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Lecture 05 (bonus) : Instrumental Action

Date given: Wednesday, 30th March 2022

Handout for all of Lecture 05 (bonus) as pdf. (This has the same content as the web version you are reading here.)


This optional extra lecture covers the dual-process theory of instrumental action.

We will not cover this material on the course, but Steve had already created it for another course, and it is also relevant to this one.


dual-process theory of instrumental action : instrumental action ‘is controlled by two dissociable processes: a goal-directed and an habitual process’ (Dickinson, 2016, p. 177).
instrumental action : An action is instrumental if it happens in order to bring about an outcome, as when you press a lever in order to obtain food. (In this case, obtaining food is the outcome, lever pressing is the action, and the action is instrumental because it occurs in order to bring it about that you obtain food.)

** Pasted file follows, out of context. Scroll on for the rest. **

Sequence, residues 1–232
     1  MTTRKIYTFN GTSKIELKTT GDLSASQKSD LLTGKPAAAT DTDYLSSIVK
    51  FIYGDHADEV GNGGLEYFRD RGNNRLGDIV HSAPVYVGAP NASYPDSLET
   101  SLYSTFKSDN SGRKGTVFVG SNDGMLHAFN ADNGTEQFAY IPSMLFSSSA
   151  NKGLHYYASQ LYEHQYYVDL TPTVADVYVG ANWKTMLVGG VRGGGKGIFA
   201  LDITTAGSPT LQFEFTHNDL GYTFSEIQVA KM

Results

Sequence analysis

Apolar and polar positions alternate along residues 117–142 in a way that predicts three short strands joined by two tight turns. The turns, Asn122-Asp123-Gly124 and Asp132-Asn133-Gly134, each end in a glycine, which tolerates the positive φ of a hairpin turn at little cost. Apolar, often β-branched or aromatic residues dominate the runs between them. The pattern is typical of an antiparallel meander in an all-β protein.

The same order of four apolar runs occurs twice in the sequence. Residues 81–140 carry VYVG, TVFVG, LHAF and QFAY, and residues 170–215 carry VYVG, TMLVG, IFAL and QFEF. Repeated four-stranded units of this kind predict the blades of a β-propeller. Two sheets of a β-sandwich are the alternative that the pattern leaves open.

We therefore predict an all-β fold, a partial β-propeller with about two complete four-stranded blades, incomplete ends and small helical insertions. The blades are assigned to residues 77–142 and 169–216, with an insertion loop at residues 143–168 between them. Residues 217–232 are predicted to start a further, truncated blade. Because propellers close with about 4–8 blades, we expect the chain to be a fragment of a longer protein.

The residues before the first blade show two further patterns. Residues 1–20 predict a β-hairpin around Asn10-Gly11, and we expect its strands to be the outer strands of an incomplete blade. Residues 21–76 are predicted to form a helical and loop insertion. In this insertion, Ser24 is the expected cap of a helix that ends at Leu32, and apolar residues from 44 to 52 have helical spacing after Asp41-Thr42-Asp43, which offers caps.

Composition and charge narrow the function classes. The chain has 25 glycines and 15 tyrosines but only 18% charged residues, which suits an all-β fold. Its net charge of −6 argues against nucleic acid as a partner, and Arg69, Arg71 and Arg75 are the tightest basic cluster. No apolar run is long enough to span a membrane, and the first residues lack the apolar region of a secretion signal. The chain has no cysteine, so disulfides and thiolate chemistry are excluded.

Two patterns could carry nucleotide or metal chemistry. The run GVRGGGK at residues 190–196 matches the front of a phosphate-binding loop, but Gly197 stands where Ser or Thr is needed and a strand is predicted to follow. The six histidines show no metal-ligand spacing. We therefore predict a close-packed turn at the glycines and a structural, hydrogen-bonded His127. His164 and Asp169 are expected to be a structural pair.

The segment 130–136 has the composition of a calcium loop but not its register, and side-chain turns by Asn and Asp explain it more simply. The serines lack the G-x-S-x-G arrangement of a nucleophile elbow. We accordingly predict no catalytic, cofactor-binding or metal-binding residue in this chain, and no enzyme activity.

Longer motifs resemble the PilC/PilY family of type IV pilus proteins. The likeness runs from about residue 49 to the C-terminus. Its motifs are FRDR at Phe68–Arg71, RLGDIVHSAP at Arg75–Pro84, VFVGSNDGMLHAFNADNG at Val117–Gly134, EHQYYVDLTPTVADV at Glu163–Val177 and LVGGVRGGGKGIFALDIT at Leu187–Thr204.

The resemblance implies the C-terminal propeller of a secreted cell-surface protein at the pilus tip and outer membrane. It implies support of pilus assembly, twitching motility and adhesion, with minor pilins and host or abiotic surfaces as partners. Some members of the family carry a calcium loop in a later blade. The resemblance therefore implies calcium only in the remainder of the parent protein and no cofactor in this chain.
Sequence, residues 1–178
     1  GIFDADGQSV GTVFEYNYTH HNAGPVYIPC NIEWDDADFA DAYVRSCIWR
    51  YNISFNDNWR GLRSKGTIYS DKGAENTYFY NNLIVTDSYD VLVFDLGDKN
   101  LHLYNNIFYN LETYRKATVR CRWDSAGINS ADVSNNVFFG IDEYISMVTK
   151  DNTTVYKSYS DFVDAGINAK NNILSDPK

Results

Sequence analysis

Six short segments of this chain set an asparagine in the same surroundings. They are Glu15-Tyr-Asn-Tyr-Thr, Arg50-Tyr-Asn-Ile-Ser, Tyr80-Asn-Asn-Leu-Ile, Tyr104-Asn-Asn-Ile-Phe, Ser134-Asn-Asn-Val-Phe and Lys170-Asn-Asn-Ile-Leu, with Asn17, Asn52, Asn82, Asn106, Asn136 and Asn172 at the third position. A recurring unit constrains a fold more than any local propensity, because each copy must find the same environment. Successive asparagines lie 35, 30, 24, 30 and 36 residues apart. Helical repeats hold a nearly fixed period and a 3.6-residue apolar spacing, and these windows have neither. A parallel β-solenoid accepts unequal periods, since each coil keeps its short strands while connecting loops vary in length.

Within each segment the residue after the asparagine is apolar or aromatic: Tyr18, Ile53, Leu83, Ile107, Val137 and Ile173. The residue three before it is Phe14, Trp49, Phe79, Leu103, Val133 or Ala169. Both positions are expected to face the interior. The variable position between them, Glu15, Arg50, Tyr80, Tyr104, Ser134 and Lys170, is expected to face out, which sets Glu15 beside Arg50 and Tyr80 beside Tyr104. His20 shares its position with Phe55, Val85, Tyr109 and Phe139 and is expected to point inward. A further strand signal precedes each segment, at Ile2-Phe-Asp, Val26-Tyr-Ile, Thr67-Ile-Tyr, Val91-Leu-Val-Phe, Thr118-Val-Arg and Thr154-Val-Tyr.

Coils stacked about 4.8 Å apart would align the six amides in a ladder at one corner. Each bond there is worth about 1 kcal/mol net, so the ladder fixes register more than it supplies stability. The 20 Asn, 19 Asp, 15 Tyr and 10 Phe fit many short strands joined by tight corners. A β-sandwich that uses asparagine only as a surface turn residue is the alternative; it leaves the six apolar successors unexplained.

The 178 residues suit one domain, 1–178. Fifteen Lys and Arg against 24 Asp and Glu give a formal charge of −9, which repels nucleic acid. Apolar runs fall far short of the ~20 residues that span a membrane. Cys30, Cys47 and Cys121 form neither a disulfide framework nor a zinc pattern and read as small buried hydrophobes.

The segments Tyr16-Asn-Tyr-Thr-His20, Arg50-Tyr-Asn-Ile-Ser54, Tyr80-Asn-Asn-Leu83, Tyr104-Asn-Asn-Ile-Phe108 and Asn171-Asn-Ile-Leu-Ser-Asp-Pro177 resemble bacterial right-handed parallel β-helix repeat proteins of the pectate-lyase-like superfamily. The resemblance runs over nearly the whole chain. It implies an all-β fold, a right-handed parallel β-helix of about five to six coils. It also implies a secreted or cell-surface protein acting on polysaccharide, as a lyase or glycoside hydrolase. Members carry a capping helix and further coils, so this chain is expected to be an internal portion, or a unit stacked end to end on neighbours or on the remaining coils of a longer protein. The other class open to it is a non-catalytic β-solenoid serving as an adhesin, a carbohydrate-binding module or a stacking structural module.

You may variations on this definition of instrumental in the literature. Dickinson (2016, p. 177) characterises instrumental actions differently: in place of the teleological ‘in order to bring about an outcome’, he stipulates that an instrumental action is one that is ‘controlled by the contingency between’ the action and an outcome. And de Wit & Dickinson (2009, p. 464) stipulate that ‘instrumental actions are learned’.


de Wit, S., & Dickinson, A. (2009). Associative theories of goal-directed behaviour: A case for animalhuman translational models. Psychological Research PRPF, 73(4), 463–476.
Dickinson, A. (2016). Instrumental conditioning revisited: Updating dual-process theory. In J. B. Trobalon & V. D. Chamizo (Eds.), Associative learning and cognition (Vol. 51, pp. 177–195). Edicions Universitat Barcelona.

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